(I am speaking from a merely linguistic and historical, not from a political point of view.)

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  9. @Michael Everson. I've checked LPD and it does report initial stress /ˈkɒs ə vəʊ/ after all. I had guessed it would be /kɒs ə 'vəʊ/. The American pronunciation is /'koʊs ə voʊ/.

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  10. /tSEtS"njA:/ breaks English phonotactic restrictions, so would seem an odd choice for a standard pronunciation. And I doubt anyone who had only heard of the country through news of its troubles with Russia would even recognise /tSE"tSEni@/ - out of context, I wouldn't have. Was it the traditional term?

    As for the /aI/ in the usual American pronunciation of Iran and Iraq, where did it come from? According to Etymonline, both words were loaned in the 20th century, so Greatly Shifted Vowels seem unlikely. Is this another inexplicable spelling pronunciation like the British pronunciation of /aIbi:T@/?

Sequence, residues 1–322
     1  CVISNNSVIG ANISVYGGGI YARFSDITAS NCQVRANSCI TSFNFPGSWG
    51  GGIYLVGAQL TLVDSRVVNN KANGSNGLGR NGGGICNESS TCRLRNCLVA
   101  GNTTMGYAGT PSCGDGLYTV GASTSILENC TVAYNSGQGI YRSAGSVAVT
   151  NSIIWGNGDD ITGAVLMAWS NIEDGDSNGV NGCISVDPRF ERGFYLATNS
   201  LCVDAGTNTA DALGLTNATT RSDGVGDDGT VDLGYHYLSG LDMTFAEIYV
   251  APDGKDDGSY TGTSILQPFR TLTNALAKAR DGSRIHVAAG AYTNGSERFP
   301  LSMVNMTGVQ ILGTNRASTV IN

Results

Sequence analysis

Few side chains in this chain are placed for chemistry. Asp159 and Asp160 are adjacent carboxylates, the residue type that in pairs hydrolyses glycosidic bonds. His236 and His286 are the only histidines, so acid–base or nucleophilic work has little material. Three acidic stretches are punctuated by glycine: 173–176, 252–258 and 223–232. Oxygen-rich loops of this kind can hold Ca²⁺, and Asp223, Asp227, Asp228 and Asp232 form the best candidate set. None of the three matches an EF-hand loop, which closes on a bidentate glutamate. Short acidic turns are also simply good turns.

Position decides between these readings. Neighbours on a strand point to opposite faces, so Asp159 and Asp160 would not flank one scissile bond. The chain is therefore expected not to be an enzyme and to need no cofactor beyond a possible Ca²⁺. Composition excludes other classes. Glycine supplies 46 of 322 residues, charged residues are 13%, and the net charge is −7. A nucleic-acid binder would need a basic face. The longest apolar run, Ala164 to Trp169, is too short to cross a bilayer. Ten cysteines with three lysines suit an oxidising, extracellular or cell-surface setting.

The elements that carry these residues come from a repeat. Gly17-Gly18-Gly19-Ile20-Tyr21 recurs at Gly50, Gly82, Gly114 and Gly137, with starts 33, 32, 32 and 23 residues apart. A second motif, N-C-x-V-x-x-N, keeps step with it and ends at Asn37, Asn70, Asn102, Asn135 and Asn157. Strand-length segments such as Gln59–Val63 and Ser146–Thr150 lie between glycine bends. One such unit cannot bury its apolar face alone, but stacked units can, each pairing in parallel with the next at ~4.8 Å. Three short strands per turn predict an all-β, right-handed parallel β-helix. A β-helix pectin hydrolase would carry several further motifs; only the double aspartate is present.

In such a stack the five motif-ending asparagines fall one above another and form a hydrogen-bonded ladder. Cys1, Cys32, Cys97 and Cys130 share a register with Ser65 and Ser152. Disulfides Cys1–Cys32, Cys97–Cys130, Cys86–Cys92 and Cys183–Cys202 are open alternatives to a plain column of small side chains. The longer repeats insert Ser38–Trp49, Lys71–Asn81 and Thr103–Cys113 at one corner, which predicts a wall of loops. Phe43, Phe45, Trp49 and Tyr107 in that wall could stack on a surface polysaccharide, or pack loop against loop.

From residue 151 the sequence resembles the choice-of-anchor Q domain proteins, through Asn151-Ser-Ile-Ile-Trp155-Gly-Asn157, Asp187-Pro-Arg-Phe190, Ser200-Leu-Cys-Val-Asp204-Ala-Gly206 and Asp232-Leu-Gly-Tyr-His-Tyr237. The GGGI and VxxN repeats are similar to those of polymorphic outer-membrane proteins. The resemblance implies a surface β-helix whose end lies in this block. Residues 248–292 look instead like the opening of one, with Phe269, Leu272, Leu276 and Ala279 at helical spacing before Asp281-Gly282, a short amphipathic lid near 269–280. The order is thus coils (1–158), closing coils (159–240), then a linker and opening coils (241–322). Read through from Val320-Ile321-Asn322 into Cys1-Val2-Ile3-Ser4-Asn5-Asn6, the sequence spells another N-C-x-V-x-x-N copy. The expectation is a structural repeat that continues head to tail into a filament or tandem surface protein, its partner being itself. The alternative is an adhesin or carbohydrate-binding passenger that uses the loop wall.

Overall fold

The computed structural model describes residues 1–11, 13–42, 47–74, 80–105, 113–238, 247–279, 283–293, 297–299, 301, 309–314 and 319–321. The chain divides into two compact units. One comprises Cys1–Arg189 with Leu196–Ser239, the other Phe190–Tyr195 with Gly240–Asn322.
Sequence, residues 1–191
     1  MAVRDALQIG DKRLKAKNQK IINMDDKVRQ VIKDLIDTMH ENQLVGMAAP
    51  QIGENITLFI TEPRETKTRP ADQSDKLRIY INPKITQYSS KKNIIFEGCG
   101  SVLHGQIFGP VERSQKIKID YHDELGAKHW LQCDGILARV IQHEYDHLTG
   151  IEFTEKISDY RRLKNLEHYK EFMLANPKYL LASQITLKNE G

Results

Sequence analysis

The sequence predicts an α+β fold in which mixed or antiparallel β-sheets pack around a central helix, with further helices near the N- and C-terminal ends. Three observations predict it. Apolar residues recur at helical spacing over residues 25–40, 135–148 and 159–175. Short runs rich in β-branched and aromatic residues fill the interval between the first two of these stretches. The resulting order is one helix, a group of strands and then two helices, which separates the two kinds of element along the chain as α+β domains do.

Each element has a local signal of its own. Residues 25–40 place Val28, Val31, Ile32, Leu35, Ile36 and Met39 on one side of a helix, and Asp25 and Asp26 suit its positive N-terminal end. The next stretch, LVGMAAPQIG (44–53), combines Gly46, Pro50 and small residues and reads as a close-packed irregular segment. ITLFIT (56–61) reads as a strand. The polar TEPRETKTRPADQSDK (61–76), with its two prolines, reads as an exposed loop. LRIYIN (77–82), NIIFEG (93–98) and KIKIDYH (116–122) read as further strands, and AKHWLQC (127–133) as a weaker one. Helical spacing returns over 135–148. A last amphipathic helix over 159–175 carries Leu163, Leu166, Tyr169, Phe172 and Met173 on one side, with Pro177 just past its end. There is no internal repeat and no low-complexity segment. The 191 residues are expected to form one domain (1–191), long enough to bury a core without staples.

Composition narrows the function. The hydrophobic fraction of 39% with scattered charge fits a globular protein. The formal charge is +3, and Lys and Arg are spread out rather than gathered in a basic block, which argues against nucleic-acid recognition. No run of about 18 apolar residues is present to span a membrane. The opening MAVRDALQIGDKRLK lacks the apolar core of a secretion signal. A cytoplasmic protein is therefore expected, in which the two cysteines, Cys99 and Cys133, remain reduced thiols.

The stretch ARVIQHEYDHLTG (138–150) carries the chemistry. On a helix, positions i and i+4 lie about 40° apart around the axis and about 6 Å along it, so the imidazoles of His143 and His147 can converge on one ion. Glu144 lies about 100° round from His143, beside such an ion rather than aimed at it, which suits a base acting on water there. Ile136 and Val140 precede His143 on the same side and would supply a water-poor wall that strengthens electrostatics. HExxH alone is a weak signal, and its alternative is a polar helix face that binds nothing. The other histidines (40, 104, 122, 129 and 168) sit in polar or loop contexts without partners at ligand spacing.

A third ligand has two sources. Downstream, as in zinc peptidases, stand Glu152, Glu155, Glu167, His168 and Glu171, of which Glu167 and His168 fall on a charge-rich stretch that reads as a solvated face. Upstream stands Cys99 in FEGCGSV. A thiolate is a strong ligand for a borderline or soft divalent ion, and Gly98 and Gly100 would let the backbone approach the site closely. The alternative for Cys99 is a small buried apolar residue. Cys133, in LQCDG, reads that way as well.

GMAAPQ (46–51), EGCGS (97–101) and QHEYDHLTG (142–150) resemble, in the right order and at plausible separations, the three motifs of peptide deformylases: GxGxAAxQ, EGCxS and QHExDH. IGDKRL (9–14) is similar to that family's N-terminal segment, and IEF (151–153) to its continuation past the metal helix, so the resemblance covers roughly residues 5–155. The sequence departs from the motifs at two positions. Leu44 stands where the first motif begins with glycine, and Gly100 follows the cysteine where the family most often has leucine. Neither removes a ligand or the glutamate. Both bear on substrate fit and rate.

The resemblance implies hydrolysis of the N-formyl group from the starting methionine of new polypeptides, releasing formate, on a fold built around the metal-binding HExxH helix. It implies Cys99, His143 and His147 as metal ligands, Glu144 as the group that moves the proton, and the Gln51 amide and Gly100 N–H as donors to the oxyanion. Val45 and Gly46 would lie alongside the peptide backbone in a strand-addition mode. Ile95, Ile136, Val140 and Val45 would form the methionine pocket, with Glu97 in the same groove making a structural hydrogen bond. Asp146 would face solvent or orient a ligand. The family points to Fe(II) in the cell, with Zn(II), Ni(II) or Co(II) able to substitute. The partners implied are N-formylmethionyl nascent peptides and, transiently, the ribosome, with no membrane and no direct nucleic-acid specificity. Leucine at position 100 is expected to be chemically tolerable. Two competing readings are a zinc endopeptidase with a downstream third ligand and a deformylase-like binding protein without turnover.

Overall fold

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  11. This reminds me of http://www.youtube.com/watch?v=rw2nkoGLhrE

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  12. Pr[eɪ]gue? Surely not.

    Why, certainly.

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  13. Hi,
    It is very interesting video concerning on some international matters and pronunciations.We will some more such vids soon.

    remede

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  15. ðɪ ɛgzəʊnɪmz əɹ ə njuːsns, wɪ ʃʊd neɪm ðə fɒɹən kʌntɹiz m piːpl ɪn ðeəɹ aʊn læŋgwɪʤ ɪn ɔːdə tə əvɔɪd lɜːnɪŋ njuː ʌnjuːsfl wɜːdz iːʧ taɪm wɪ ɪmplɔɪ ʌðə læŋgwɪʤ. baɪ ðə waɪ, ˈkɔsɔvɔ ɪz ˈsrpskiː (sɜːbiən) waɪl kɔˈsɔvɔ ɪz ˈʃcipɛ (ælbeɪniən).

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  16. Could it be that they say /aɪ-/ in the US at the beɡɡinninɡ Iran and Italian because the name starts with the letter I? A similar problem arises when they say Laos as /leɪɒs/ instead of /laʊ/ When the French added the 's' at the end of Lao to refer to the unified Lao provinces, they weren't expecting anyone to pronounce the letter. Neither did they expect that the letter letter 'A' would be said as its capital name.
    On the other hand we say Paris with an 's' so they should have expected it! As far as 'how should we say the names?' I feel there a slight obligation to show some level of education by trying imitate the way any local says the name of their domicile. Australians say Melbourne as Melbun but in Britain there is a desire to use the ɔː sound. In Thai, as it is a phonetic language, most names can and are said as they are in the relevant country.